"After that, we carry out security checks, which can take a little time, but then they get presented with the cheque - and that's when the reality hits them.

"We offer them lots of financial advice because, once you win something like this, there are all sorts of things you need to think about, such as wills, inheritance tax, putting money in trust for children and grand-children, and so on.

"One thing that often helps, I find, is when the bankers explain to the winners what interest they'll get back on the sum they've put in the bank. If you earn, say, £15,000 a year, it's easier to relate to, say, a monthly interest payment than it is to get your head around a few million pounds in the bank.

"We also ask if they want to go public about their win or not. About a quarter do, mostly because they've already told everyone they know!

"Those who don't often refuse because they're worried they might get begging letters or have this fixed idea of what a press conference might be like. We never tell people what to do, but we put things in perspective for them.

"With begging letters, if you get any, which is rare, it might be just one or two. Most people don't get any.

"And keeping quiet isn't always easy when you've won a big prize. If you live in a terraced house and suddenly you move to a big five-bedroom house, how will you explain that to your neighbours?

"Creating a cover story and explaining things away can be quite stressful. In my experience, people who are honest about their win enjoy the experience and spending the money much more."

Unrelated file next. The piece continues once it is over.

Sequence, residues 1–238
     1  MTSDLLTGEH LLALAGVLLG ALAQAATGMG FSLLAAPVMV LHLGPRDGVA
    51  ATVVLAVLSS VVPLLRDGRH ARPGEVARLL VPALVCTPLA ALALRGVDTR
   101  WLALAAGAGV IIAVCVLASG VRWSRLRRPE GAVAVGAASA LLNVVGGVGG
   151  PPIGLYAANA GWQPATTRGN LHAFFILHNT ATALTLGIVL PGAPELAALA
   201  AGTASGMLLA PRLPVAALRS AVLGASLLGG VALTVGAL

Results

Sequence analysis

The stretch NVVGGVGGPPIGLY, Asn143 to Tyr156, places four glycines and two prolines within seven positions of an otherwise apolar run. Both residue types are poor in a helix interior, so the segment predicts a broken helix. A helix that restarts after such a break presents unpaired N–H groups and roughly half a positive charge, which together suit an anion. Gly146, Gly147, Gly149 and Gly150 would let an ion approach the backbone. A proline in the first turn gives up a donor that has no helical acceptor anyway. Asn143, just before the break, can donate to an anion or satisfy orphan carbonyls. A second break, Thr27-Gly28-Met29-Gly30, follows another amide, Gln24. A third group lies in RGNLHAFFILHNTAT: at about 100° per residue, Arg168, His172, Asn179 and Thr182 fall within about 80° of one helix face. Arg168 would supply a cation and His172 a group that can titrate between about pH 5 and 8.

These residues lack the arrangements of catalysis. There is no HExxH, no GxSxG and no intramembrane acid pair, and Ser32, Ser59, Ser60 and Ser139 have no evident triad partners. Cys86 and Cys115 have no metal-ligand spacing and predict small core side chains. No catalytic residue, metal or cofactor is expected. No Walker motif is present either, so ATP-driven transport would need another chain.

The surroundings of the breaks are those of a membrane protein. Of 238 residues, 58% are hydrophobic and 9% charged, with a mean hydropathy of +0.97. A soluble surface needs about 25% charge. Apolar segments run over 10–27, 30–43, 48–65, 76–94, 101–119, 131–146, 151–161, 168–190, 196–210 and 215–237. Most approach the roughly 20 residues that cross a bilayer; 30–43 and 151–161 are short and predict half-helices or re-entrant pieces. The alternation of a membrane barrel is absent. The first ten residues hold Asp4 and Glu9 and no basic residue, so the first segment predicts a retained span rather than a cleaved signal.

Dot and her team, who include psychologists, remain available to lottery winners for the rest of their lives. Few people contact them after the initial shock of their windfall has worn off, but those who do tend to do it for social reasons.

"We get postcards from people who have gone on exotic holidays, or sometimes we get asked round to see the new house they've bought with their winnings.

"It's nice, because you do get to know these people and their stories. And, if you've seen where they've lived before, it's great to see how they've spent their money and are enjoying themselves," she says.

"Most people's first aim is to buy a car, pay off debts, buy a house or give to family and friends.

"And it's interesting that, when we had 1500 lottery millionaires, we

found that between them, by giving money away, they'd help make about another 800 millionaires - so the figure now is probably more like 3,000 millionaires made since the lottery started.

"It's odd, but not everyone finds it easy to spend the money to start with. They're scared of it. But if they

dip their toe in the water and find they like it, then that's it.

"Money doesn't change people much - it's their lifestyle that changes. If they're nice before it, they'll be just as nice after. They might just get more confident about the stores they

shop at."

Dot adds: "I was with a family at the weekend who did their first

trip to Harrods and they treated themselves to some Harrods Christmas crackers.

"Almost invariably, people say their win has made their lives better.

"And every family is different -

that's the nicest thing for me.

You can generalise, but at the end

of the day everyone reacts

differently."

The National Lottery: In it to Win it is on BBC1 tonight at 7.40.